Furthermore, the magic-user Hendrik studies The Dancing Plague and discovers it holds a number of reversed cleric spells that are suitable for casting by a wizard. He tries but fails to transcribe a spell from it. He also studies the late magic-user Heinz’s spellbook, and manages to transcribe a spell from it.

Hendrik wife’s Ronja, whom he has been shamefully neglecting, visits him and asks for a significant sum to support herself, her parents and her siblings, who are struggling to make ends meet by running a local bakery. Certain that the woman only married him in the hopes of acquiring his capital, he hands her more than she asked for, if she promises to leave him in peace.

Finally, the fighting-man Jaquet hears word of militiamen asking around town about him, trying to learn his name, occupation and place of residence…

***

On a pleasant day in early March, the company arrive at Castle Xyntillan once again. Their plan is to focus their efforts at completing the holy quest that has been Ynes’s burden for longer than she likes. They seek the Sceptre of the Merovings, and they suspect it can be found in the throne room. Studying their maps, they agree it will be fastest and safest to approach from the grand entrance, pass through the portrait gallery, and follow a hallway leading north. This they do, and they make it to the end of said corridor without incident, and find themselves at a door.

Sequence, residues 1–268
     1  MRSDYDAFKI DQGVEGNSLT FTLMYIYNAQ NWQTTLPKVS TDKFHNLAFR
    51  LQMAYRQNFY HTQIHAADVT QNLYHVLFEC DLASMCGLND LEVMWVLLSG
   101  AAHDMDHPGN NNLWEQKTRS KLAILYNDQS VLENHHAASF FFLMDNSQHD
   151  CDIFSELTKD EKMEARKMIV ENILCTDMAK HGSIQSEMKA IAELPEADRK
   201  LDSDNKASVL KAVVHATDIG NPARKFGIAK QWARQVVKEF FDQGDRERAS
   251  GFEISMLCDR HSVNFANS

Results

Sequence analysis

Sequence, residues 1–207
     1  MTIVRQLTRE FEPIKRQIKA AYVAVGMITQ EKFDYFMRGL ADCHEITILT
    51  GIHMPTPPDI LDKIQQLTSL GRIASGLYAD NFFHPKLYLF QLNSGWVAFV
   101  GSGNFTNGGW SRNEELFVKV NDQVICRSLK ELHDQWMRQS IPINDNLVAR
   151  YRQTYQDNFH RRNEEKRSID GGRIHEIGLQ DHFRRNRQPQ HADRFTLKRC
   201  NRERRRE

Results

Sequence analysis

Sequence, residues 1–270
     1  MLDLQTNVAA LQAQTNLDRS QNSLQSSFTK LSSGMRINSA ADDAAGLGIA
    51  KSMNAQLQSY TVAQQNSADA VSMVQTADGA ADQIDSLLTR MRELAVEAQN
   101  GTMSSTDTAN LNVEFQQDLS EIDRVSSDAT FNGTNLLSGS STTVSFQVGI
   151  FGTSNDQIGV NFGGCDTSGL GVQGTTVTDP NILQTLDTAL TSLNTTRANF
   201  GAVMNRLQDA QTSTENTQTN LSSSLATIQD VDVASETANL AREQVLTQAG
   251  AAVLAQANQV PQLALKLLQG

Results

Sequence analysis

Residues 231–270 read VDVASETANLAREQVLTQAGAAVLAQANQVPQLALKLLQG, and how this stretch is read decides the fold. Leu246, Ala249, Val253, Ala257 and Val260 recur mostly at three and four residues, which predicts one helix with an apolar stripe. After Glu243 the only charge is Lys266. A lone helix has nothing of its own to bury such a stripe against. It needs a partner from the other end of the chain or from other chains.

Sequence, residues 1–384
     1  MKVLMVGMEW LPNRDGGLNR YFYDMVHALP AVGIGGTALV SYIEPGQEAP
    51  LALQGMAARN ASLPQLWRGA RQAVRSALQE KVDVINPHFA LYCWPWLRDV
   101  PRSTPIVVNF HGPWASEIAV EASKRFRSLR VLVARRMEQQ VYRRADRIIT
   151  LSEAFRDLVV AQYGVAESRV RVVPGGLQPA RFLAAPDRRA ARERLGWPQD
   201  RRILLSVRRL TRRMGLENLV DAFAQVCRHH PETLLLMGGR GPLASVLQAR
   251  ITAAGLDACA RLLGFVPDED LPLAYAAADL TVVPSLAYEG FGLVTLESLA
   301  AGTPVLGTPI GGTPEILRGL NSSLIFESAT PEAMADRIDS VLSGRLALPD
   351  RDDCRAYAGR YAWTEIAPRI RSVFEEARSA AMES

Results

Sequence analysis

Ynes carefully opens it and sees curtains blocking her view into the room beyond. Using a mirror she spies under it, and sees what is certainly a very large space. She carefully sneaks along the wall, and steps into what she now sees is a throne room, hoping but failing to merge with the shadows.

The remainder of the party follows her into the room, and a thorough search commences. Daylight shines from glass eyes set in the room’s high arched ceiling, illuminating a plain marble throne in the east end of the room. At the room’s western end are large double doors. More doors line the northern and southern wall.

Next to the throne stand two rusty suits of armour holding halberd. They use poles and spears to tip them over. They clang to the floor and break into pieces. One suit emits a carpet of tiny spiders which immediately flee in terror.